Thursday, August 19, 2010

Josh Carples: American values at risk near Ground Zero

  Some may still not know that there is no mosque at Ground Zero. The controversy surrounding the Park 51 Islamic community center has been elevated from a local zoning issue to a national, and in some ways international, discussion. Maybe “argument” is a better word.

  If we take away emotion and begin to search for facts, the first glaring fact we will notice is that the phrase “Ground Zero Mosque” which has been in many news headlines is wrong. Many news outlets, to be more precise, at least added the word “near” as in calling it a mosque “near Ground Zero.” More specifically, it is two blocks away.

  To some, two blocks is not far enough.

  It is also more than a mosque, as it is reported to have a basketball court and culinary school. The center is also said to be open to people of all faiths.

  More facts to consider include the deaths of many Muslims on 9/11. Yes, there were Muslims working in the World Trade Center, along with people of many other faiths. There were also Muslim first responders on the scene helping.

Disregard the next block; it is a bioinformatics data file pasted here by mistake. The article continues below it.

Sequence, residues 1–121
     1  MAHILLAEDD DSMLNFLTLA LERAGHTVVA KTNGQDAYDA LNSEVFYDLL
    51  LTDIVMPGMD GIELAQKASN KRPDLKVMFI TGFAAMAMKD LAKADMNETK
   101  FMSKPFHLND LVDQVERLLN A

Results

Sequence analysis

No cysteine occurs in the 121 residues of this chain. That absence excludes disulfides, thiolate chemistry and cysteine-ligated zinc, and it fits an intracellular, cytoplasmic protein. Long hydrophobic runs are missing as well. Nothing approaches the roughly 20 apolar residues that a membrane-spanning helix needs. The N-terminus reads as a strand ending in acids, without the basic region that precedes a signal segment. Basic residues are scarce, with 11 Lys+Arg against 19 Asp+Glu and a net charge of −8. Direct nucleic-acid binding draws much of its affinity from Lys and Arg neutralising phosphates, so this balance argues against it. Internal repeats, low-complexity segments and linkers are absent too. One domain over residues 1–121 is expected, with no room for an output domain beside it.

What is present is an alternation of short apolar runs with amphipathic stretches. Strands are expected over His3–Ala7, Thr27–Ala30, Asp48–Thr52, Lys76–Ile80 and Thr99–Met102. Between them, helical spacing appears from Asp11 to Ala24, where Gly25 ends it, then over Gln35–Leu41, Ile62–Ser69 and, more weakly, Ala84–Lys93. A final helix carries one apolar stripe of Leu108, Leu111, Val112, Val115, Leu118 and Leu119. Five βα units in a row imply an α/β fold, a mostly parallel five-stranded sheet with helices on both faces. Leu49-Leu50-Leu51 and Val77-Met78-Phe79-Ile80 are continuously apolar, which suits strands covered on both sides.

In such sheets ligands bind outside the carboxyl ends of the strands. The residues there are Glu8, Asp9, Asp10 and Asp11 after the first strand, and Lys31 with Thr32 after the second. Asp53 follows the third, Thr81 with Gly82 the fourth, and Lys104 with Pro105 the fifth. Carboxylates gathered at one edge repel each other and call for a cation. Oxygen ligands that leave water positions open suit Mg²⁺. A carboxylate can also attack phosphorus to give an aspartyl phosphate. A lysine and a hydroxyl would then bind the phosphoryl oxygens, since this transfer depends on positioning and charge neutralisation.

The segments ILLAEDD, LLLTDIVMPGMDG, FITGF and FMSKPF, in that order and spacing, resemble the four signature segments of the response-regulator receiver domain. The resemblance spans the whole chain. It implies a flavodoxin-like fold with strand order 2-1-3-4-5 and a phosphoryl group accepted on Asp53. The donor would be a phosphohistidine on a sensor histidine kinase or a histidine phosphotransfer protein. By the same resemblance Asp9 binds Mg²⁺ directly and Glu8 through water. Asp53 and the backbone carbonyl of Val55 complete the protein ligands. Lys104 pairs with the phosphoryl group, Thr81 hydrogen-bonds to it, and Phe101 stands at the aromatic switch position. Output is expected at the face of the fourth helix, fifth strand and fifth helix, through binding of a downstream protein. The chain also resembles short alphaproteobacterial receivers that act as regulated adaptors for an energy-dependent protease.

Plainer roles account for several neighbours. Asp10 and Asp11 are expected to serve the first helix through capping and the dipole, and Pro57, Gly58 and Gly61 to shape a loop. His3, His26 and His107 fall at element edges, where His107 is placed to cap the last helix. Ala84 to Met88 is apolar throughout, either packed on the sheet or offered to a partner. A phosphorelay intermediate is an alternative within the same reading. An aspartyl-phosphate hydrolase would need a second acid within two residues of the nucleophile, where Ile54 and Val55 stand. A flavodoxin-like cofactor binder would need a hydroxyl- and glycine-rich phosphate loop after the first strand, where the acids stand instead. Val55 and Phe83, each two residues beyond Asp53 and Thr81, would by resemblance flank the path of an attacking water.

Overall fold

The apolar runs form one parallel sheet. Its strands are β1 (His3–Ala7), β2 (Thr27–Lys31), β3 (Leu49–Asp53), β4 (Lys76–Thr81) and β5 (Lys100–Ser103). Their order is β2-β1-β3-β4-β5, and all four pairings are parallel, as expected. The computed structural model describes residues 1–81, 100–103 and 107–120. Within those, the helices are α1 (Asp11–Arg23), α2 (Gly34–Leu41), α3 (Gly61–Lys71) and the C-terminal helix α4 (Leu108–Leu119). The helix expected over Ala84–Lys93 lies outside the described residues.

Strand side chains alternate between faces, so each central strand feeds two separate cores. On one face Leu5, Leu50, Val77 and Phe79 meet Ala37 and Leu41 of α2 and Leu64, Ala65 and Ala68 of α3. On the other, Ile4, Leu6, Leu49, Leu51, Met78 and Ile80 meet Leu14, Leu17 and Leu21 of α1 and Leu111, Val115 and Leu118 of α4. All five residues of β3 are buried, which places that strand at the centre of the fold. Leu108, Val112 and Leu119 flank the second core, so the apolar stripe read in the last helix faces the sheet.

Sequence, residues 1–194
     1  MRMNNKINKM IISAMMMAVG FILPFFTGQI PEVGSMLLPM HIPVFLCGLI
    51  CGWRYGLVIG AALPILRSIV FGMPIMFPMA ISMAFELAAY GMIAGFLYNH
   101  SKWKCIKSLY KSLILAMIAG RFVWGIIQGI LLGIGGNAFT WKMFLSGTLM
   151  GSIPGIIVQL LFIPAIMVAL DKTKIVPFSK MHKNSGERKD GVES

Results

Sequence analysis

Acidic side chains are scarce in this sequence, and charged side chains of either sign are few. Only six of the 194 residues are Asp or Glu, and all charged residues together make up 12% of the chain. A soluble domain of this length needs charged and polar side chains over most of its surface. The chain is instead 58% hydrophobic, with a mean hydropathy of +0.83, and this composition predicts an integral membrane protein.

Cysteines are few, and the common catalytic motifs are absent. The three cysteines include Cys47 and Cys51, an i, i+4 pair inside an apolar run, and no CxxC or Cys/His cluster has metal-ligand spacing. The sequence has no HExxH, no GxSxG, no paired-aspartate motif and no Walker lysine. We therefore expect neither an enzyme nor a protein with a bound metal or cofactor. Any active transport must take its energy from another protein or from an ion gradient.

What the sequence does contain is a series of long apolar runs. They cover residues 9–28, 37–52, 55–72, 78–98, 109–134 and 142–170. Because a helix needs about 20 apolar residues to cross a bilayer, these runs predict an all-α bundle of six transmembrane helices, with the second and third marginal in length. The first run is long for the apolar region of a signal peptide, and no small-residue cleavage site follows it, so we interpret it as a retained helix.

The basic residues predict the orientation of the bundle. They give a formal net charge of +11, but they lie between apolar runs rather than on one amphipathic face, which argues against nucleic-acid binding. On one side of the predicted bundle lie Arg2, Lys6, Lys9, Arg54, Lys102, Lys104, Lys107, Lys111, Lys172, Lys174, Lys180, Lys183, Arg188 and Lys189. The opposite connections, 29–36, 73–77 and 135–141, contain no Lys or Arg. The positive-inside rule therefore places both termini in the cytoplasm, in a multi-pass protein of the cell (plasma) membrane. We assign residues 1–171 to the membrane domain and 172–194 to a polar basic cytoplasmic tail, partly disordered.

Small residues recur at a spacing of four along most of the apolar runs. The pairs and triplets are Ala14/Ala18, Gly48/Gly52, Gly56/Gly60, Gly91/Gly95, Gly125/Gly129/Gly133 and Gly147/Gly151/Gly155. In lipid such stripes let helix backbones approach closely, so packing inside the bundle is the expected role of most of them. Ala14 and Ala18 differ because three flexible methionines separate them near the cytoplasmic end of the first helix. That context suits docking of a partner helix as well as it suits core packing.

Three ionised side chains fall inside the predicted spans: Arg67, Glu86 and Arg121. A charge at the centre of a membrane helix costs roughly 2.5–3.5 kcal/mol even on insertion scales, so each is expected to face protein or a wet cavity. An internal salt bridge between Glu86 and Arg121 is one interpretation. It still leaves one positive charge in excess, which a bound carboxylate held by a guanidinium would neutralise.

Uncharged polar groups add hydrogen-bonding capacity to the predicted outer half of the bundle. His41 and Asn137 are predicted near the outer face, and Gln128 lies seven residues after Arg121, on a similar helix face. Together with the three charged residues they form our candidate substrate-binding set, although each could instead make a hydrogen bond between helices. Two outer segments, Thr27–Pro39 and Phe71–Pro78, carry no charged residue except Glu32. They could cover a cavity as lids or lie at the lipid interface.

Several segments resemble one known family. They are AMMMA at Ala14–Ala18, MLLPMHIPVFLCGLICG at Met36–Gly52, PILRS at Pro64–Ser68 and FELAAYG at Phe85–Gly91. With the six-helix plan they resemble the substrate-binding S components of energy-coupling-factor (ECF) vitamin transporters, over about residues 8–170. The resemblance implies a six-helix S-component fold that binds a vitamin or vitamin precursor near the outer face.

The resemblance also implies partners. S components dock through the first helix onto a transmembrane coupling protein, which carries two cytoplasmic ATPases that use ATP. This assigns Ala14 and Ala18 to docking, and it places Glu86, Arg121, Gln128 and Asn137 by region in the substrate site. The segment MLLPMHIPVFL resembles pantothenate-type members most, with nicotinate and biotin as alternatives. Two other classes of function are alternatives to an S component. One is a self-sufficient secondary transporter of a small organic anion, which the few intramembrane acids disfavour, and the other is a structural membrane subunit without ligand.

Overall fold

Yet even more facts include news reports of Qur'an readings, Ramadan celebrations and Muslim prayers being offered in services held at the Pentagon. These have been going on since 9/11 without widespread protests or controversy, even though the Pentagon was a target on 9/11, and many people lost their lives.

  Other news reports and commentary mention the presence of other, smaller mosques within a few blocks of Ground Zero (five and 12 blocks, according to a report by the Associated Press), one of which has been there since before the construction of the Twin Towers. Of course, the “hallowed ground” that, for some, goes blocks beyond Ground Zero also reportedly includes a strip club and a gambling hall.

  Even with this information, there will still be those who are uncomfortable with the idea of an Islamic center being built there. Some call it “inappropriate;” some call it worse. But while anything related to 9/11 is sure to bring up a multitude of feelings and emotion, we, as Americans, must not forget our core values.

  If we seek to discriminate against a group of people based on their faith, or deny them the same rights afforded to others, are we not, in the process, forgetting our principles?

  I truly hope not, for if we ever give up our core values, that is the day terrorism will have won.

  About the author: Josh Carples is the managing editor of the Capital City Free Press.

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